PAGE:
Want to read Slashdot from your mobile device? Point it at m.slashdot.org and keep reading!

 



Forgot your password?
typodupeerror

Comment Re:I am a Silverlight Developer (Score 1) 580

People joke, but I really think the user experience would be better if MS bundled more things.

Of course, one of the big Linux pros I keep hearing is how your distro includes X and Y and Z. But when MS included X and Y and Z it was illegal because they were a monopoly.

If I'm an end-user who knows nothing about computers; I'd rather buy a computer and have websites work. I don't even want to hear the word Silverlight or .Net. I just want it to work. Bundling it would make that happen.

Comment Re:Maybe we should take them at their word (Score 1) 580

As a developer - sure. It wouldn't be that hard to pick up an entirely new language/technology stack. They really aren't that different. I'm also pretty sure most Silverlight devs could pretty seamlessly transition to .Net devs.

As a company/product - it gets harder. Imagine if you (and/or your company) spent the last two years developing *The Next Big Thing* and you did it all in Silverlight. You might be concerned that, if MS stops continuing with Silverlight support and development, your two years and countless $$$ will be wasted.

Comment Re:New plan (Score 1) 120

Yes - but I'm saying with all of the information you've collected by pretending to be a fake employer and the copy of the transcript you had them give you; you could re-request the transcripts and whatever else you need.

Believe it or not, I actually had to do this yesterday.

I went to the old school's website and clicked the 'Request transcript link'. I needed to provide either my old student ID number or my SSN (if I were running this scam, I'd know the SSN to enter). I also needed my name and date of birth. Again, both of which are collected by employers. I needed to include the dates attended, but it said 'Estimated dates of attendance' so there is some room for error, and again, I'd have the copy of their transcript to ensure I put down the right information.

In the past, with a different school, I had to also print, sign, fax a form back to the school before they'd release the transcripts. In my experience *nobody* ever actually checks signatures anymore. Still, while my experience of faking signatures only goes back to signing my Mom's name in elementary school; I'd at least be able to see what the victim's signature looks like (because, I'll have it on the forms I asked them to fill out). I'd be tempted to scan it, crop the signature, paste it onto the required form, print it and fax it. I think that would work. Truthfully I think scribbling a line of crap would work too.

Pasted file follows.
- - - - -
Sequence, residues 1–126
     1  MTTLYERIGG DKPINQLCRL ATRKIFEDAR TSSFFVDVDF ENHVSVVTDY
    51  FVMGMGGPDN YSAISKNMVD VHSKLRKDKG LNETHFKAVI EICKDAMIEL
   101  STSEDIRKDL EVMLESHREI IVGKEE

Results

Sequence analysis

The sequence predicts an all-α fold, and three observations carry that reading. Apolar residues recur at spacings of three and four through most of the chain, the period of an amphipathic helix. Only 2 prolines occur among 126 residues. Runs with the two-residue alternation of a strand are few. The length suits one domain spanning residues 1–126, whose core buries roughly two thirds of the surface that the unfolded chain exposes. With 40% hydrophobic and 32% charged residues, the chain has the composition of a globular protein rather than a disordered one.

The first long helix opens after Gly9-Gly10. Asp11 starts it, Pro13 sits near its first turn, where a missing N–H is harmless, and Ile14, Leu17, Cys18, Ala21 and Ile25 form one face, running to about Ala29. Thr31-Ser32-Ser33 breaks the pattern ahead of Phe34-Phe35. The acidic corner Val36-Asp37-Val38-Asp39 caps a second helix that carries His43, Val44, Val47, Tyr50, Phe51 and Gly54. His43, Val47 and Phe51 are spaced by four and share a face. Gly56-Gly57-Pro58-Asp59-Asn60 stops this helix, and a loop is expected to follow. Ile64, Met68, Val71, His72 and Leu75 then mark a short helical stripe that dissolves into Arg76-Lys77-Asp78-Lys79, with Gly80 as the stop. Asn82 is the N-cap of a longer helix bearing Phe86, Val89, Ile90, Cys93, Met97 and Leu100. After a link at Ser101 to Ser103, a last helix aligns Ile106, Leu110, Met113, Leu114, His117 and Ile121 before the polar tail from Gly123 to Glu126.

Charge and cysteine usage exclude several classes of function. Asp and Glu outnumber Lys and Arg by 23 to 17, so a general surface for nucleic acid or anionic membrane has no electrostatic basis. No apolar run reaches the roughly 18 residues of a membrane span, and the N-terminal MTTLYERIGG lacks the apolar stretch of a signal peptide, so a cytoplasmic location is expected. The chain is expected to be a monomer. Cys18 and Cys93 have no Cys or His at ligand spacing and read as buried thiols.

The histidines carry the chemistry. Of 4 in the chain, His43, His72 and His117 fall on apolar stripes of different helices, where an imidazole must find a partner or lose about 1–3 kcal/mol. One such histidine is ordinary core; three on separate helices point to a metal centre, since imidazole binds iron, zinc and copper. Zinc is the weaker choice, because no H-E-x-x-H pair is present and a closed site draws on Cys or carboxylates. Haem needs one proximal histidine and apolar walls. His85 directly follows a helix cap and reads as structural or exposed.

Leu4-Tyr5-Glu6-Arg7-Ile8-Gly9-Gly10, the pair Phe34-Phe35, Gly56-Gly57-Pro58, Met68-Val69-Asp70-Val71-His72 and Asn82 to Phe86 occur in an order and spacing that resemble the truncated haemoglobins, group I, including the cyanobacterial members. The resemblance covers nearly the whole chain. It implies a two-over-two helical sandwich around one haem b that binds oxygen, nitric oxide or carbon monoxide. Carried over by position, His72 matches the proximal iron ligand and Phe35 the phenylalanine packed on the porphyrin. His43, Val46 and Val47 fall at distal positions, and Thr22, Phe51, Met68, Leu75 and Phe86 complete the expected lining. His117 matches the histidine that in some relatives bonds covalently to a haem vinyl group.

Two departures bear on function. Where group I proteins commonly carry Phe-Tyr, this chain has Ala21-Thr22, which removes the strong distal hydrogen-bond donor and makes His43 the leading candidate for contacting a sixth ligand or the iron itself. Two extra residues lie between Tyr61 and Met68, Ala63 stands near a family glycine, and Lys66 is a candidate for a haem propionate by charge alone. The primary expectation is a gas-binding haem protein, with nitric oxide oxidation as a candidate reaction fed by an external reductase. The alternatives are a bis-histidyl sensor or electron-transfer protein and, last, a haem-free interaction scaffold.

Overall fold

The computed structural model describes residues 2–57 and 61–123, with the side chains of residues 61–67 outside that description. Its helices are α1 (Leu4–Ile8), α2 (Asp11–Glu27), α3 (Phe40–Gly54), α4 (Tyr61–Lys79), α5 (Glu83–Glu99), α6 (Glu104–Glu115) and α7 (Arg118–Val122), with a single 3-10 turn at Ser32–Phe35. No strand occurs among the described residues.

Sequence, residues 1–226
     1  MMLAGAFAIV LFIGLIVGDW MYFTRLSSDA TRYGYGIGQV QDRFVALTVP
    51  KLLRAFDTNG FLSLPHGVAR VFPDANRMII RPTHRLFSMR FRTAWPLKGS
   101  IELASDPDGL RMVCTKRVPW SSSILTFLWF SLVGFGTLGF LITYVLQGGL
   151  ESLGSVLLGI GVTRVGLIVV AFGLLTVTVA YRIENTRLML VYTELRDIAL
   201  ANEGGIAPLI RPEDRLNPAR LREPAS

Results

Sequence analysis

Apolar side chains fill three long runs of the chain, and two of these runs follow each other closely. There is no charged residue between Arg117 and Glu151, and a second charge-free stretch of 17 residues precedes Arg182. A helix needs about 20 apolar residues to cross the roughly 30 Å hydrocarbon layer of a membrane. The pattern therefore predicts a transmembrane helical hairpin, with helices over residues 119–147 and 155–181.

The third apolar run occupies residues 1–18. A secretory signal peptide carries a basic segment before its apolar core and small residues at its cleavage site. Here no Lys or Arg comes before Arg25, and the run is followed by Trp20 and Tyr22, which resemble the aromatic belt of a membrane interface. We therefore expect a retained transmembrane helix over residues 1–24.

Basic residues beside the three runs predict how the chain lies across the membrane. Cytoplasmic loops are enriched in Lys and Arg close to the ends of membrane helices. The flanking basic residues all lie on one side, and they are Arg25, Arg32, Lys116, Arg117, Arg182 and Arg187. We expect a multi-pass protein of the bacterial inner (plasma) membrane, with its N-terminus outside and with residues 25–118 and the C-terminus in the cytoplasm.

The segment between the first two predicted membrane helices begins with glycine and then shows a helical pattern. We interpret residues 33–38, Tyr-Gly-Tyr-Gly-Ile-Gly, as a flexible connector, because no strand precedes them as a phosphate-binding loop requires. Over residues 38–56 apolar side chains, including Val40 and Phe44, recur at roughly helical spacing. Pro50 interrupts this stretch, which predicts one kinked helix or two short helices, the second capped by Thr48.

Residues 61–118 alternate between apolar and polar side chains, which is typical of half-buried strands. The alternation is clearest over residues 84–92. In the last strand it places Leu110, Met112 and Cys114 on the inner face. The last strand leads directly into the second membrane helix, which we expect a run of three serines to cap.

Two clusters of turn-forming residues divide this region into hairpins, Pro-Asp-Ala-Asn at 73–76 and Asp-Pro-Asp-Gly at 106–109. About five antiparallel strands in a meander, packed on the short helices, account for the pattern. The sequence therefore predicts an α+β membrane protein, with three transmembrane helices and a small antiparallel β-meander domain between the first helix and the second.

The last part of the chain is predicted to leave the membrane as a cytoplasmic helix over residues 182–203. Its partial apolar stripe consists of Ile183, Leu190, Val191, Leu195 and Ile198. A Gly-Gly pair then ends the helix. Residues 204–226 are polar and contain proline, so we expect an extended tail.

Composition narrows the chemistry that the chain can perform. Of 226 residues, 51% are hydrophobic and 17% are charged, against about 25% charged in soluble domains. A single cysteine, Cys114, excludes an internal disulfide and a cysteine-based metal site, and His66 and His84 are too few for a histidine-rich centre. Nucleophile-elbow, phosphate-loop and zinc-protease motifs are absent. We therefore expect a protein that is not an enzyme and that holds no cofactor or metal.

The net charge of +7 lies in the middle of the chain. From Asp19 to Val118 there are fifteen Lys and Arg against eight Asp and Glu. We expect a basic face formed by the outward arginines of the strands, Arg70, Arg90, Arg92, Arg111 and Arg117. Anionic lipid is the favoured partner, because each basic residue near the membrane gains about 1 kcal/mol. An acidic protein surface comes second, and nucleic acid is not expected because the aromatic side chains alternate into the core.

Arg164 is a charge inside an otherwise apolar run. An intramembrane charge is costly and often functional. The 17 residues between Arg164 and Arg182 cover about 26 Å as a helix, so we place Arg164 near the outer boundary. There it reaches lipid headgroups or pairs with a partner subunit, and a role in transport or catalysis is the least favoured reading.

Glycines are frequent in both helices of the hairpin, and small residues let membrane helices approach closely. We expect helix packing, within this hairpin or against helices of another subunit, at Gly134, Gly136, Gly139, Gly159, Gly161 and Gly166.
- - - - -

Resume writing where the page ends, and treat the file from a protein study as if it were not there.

The Mater's program I'm doing required an application/application fee of $60, three letters of recommendation, and a copy of all post-high school transcripts. I haven't had to show up, ever; or provide any information an employer with a copy of my transcripts couldn't provide. Yeah, I'd have to fill out papers and pay the application fees and fill out the FAFSA forms and even enroll in classes; but it really seems very doable to me.

Comment Re:Remote sysadmin option (Score 1) 120

That's certainly something to keep in mind. My first job after college was more of an administrator type role than a development role; but I'm afraid I'm a bit under-qualified. I've got two (mostly worthless) MCP exams for Windows Server Admin from years back.

Don't get me wrong, I think I'd be able to do a pretty good job, given the chance. But I think it'll be hard to get my foot in the door, so to speak. I done it just yet, but I'll start to 'network' with some of my friends/ex-coworkers and see if anything turns up.

Comment Re:New plan (Score 3, Interesting) 120

Actually - I've often wondered why we don't hear about more low tech cases of identify theft/credit card fraud. Maybe it's just so easy to do it with malware nobody cares.

Post real positions on Criagslist and others for legitimate sounding work. Be selective, post realistic requirements and pay, do a phone interview. I'd even explain that, 'Hey, since this is a work from home job/telecommute job - we're going to need your college transcripts'. That makes it seem more legit. Of course, a legit job needs your SSN. I've done real work from home (software development) and they need my SSN. It was a real company, and they paid me.